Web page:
A isn’t only a piece that tells time, it’s also a part of décor. To make your décor complete and polished, to add a cool modern touch to it and maybe use some other functions, you’ll need a gorgeous clock. Here are some coolest options you may try, choose what fits your space the most.
The Tectonic Clock by Andreas Vang takes a new approach to the classic clock by putting a dynamic layer of keys on top of the clock’s hands. Time can hereby both be felt and seen as shadows on the watch’s surface. Each passing hour and minute is represented by a shift in the surface. Free of frill, this minimalistic timepiece offers an entirely new twist in telling the time that can be both seen and felt!
Today is a 24-hour timepiece that removes numbers from its design and instead displays a gradient-like spectrum of the entire day, balancing dawn, noon, dusk, and midnight. The clock completes one revolution every 24 hours with the hope that your perception of time will change allowing space for all the little things in life that can’t be counted.
L’epée 1839’s eight-day movement fittingly follows the design of a real spaceship. Similar to that of a rocket, the clock’s power comes from the base – an oversized winding crown – and features its vertical regulator controlling precision above. Neatly, this regulator is protected from both cosmic radiation and dirty fingers by a small panel of transparent mineral glass. On top of this, the clock’s hours and minutes are displayed on large diameter stainless steel discs that have been stamped with numerals.
The Nixie clock, in its mad-scientist grandeur, is actually quite a simple and smart device. It comes with an adapter to power it, and it consumes such negligible amounts of power, it can apparently run for a month on the same amount of power used to run a 40W bulb for a day. Aside from that, it also comes with dimmable lights, making it the ideal clock for both regular and low light settings.
SH12 is a wall clock that plays with the relation of an object and its shadow. It represents the subconscious of time by displaying hours only through subtle impression and silhouette. A functional design with a combination of hard and soft, elastic material that mysteriously hides a part of itself under the visible skin, the SH12 clock is a visual representation of this phenomenon.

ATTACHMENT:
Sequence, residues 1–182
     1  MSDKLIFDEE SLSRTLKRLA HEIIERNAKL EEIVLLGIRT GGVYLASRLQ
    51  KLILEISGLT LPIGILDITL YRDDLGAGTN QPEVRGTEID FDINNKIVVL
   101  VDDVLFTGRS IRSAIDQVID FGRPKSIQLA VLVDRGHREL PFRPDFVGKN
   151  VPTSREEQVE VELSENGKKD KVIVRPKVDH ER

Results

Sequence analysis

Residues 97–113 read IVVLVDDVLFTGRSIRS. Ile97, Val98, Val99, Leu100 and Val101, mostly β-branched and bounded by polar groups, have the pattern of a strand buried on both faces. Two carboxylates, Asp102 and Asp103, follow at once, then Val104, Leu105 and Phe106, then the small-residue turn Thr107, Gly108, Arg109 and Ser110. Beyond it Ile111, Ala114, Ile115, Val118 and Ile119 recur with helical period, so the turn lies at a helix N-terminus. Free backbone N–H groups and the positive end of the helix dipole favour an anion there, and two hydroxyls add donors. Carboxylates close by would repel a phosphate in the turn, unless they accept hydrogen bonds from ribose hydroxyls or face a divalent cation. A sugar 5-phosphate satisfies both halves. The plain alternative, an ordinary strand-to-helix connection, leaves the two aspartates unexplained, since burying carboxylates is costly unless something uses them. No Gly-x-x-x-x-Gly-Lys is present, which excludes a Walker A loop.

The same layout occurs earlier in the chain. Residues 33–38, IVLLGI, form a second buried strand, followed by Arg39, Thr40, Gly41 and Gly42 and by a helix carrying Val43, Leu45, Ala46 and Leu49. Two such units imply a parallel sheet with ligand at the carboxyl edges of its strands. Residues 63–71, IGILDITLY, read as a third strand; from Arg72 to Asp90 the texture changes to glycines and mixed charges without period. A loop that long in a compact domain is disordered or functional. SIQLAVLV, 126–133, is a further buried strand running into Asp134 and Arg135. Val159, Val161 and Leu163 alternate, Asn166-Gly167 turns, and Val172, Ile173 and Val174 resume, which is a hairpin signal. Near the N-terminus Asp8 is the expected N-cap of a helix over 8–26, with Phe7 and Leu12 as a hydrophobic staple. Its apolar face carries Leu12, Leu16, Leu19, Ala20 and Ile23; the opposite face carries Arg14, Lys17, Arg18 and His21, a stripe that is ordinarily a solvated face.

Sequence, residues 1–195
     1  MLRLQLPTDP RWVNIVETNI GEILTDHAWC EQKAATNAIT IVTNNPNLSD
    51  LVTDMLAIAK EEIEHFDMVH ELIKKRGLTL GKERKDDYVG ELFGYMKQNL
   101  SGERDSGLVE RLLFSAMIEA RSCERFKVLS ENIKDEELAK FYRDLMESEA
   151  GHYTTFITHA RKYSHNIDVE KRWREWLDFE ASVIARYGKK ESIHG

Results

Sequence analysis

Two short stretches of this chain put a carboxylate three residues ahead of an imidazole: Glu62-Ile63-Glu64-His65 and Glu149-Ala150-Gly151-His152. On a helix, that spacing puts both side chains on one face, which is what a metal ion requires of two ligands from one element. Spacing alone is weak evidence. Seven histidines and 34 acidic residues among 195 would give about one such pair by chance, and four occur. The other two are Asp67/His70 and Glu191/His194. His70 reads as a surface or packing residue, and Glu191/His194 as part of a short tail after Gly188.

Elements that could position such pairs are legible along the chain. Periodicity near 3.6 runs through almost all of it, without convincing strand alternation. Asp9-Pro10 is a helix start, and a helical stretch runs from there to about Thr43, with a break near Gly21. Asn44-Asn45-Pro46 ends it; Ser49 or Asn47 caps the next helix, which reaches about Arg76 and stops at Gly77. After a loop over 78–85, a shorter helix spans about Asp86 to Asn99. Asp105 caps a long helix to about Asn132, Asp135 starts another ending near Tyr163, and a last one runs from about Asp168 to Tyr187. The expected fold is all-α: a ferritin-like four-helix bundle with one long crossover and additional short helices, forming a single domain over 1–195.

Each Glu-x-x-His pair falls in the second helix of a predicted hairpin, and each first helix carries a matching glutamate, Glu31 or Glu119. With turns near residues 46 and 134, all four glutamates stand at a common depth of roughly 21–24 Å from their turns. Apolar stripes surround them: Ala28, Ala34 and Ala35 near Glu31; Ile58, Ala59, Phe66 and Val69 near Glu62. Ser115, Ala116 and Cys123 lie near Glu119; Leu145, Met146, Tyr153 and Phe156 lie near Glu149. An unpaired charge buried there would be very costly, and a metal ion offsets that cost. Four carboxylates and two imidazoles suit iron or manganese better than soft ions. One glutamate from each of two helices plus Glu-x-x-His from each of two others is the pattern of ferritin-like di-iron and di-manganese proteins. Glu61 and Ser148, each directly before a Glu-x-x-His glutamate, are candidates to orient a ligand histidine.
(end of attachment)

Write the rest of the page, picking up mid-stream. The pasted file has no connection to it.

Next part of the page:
Time Maze by Alessi is a clock, the body of which takes the form of a broken line. At the center, can be found the clock’s mechanism. By defining that time is not linear or circular, but a labyrinth of abstract connections and playful interactions, the clock can be hung in any orientation allowing for a customized hanging in each home. The clock is constructed from stainless steel and comes in red, black and stainless versions.
Time Pattern is a wall clock that does away with the typical tick marks and numbers we normally use when telling time. Inspired by how time is always changing, designer Jorrit Taekema uses two lined triangular components that rotate to graphically represent the passage of time. The layered elements pivot around displaying an ever-changing white graphical pattern against the black clock front.
From Australian designer Abi Alice, the playful Dotty Clock started while playing with dot stickers in varying sizes and colors found at the stationery store. The minimal clock also references old astronomical devices that were used at one point to measure time by observing the movements of the solar system.
The Ingrein Smart Clock is just that, a hardwood internet-connected clock that keeps you informed without the distractions. Most of the time, the Ingrein Smart Clock will display the time and weather forecast, but when something important is happening, it will alert you via light, sound, and digital notifications. It does this in a thoughtful, not annoying way, and you have full control over what notifications from which apps you want to be informed about.
Like nearly every product today, the Etch Clock has an accompanying app, one designed to let users pick from two display modes: “Sync & Go” displays time automatically every 30 seconds; “Sync & Sensor” displays time every 30 seconds, but only in the presence of sound picked up by an internal sensor.